NICE has various powers to produce guidance and recommendations to NHS bodies on care pathways and technologies they are expected to provide.14 NHS bodies are legally obliged to fund treatments recommended by NICE's technology appraisal recommendations;15 however, other guidelines do not have the same level of authority.16
For example, NICE guidelines recommend that three IVF cycles should be offered to women under 40 years of age who have been trying to get pregnant naturally for two years, or who have had 12 cycles of artificial insemination. However, the final decision about who can have NHS-funded IVF in England is made by local CCGs, whose criteria may be stricter than those recommended by NICE. NICE's role is to assess the clinical and financial efficacy of the technology.17
For cancer drugs, the Cancer Drugs Fund (CDF) is another option at the end of the NICE technology appraisal process. The CDF acts as a managed access fund where more information is required to determine clinical effectiveness. A budget impact test also applies for certain technologies over the first three years of a technology's use in the NHS. If the budget impact exceeds £20 million, in any of the first three years, NHS England may engage in commercial discussions with the company to mitigate the impact on the rest of the NHS budget. The first reported example of this was Keytruda, where MSD agreed a substantial confidential discount before it was approved in 2018.
In some cases, further funding is available through Individual Funding Requests (IFRs). Where NHS England's duty to provide health services18 is not met under NICE technology appraisal recommendations, individuals can request funding for treatment through an IFR. The law surrounding IFRs is discussed in the case of S v. NHS England.19
As set out above, standard charges apply to a number of NHS services.20
III PRIMARY / FAMILY MEDICINE, HOSPITALS AND SOCIAL CARE
The UK healthcare system is heavily reliant on primary care practitioners (general practitioners, or GPs) delivering family medicine and acting as gatekeepers to secondary and tertiary care, which in the NHS is rarely directly accessible, except in emergencies.21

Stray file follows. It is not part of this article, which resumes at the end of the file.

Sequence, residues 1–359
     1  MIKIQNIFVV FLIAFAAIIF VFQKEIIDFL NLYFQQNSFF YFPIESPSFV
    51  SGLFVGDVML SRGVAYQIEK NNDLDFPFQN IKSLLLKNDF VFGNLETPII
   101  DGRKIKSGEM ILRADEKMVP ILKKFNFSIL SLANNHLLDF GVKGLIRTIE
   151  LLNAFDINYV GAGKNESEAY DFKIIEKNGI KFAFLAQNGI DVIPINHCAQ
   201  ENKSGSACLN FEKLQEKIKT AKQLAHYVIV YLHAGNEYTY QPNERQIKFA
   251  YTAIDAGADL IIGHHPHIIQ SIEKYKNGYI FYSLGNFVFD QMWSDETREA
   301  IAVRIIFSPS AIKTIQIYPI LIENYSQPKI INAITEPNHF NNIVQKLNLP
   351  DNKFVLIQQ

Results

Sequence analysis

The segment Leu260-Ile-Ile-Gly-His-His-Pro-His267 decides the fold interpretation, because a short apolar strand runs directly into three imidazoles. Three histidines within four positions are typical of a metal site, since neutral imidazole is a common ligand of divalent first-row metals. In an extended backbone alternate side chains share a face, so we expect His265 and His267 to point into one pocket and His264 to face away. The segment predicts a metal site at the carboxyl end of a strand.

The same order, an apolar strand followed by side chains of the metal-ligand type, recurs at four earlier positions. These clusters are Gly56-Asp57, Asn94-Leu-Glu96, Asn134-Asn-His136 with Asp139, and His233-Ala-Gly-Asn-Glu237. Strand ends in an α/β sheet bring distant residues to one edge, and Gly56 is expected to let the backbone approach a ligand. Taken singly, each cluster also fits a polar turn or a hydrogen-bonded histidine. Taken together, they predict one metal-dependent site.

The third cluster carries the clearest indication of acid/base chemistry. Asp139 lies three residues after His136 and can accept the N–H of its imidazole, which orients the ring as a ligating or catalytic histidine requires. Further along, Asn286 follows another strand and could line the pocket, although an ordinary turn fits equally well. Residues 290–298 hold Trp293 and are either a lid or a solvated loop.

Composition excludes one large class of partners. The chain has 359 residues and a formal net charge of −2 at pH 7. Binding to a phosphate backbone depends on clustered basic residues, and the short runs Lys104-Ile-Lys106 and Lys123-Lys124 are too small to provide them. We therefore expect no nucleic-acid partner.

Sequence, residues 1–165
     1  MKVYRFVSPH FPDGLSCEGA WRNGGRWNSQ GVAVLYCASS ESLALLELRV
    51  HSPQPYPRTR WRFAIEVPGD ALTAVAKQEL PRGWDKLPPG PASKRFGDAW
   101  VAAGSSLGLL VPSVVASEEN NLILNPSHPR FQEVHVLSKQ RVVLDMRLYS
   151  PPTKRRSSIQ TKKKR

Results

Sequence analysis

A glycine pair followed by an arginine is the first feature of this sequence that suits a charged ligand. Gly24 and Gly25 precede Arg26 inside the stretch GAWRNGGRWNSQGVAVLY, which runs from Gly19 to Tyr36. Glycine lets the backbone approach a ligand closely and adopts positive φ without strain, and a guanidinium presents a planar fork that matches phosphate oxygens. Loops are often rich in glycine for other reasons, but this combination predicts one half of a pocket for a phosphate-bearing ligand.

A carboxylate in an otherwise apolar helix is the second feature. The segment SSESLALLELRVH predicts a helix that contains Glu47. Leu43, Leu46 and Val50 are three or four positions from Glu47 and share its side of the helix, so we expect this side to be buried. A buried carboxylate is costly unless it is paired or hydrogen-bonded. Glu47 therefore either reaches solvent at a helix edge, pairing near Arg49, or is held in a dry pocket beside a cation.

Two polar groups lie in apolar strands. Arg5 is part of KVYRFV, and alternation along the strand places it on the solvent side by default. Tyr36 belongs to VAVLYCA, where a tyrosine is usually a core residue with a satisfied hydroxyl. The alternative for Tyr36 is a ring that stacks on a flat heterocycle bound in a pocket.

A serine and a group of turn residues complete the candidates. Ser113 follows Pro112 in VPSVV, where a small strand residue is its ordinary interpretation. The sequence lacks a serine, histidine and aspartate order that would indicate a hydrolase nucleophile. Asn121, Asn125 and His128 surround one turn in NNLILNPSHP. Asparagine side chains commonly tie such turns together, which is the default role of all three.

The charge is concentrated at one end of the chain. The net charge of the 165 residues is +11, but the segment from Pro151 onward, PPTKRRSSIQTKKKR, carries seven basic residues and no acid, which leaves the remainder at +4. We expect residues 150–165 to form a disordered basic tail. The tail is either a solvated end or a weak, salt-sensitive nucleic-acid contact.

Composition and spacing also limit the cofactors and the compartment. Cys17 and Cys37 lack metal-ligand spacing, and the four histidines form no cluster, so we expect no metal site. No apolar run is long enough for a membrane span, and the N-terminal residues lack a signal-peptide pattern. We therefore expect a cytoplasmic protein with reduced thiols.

GP providers are normally independent businesses, providing services to the NHS under contracts with NHS England. While these are private law contracts negotiated between NHS England and the British Medical Association (acting as the representative of all GPs), many of the provisions are required under the NHS (General Medical Services Contracts) Regulations 2015 or the NHS (Personal Medical Services Agreements) Regulations 2015. Similar arrangements are in place for NHS pharmacy and dental services.
NHS hospitals and secondary services are run by local trusts or foundation trusts, which are independent of CCGs or NHS England. The relationship between them is contractual; trusts and foundation trusts are providers of services commissioned by CCGs and NHS England. Emergency services are almost exclusively available through the NHS because of the high operating costs. However, secondary or hospital care may be provided by either the NHS or private providers. Private secondary care may either take place in separate private hospitals, or private patient units in NHS hospitals. While it is not usually possible for patients using the NHS to see a medical consultant without first being referred by a GP, there is nothing to prevent this in the private sector.
It should be noted that social care is, at present, provided under an entirely separate legislative scheme by local authorities.22 However, there has been an increasing movement in recent years towards the integration both of different health services and of health and social care.23 In 2019, the government published the NHS Long Term Plan to focus on funding, staffing and the pressures of a growing and ageing population. A new service model is proposed with every patient having the right to online GP consultations. Expanded community health and social care teams are intended to create genuinely integrated teams, and new integrated care systems are to be in place nationally by 2021.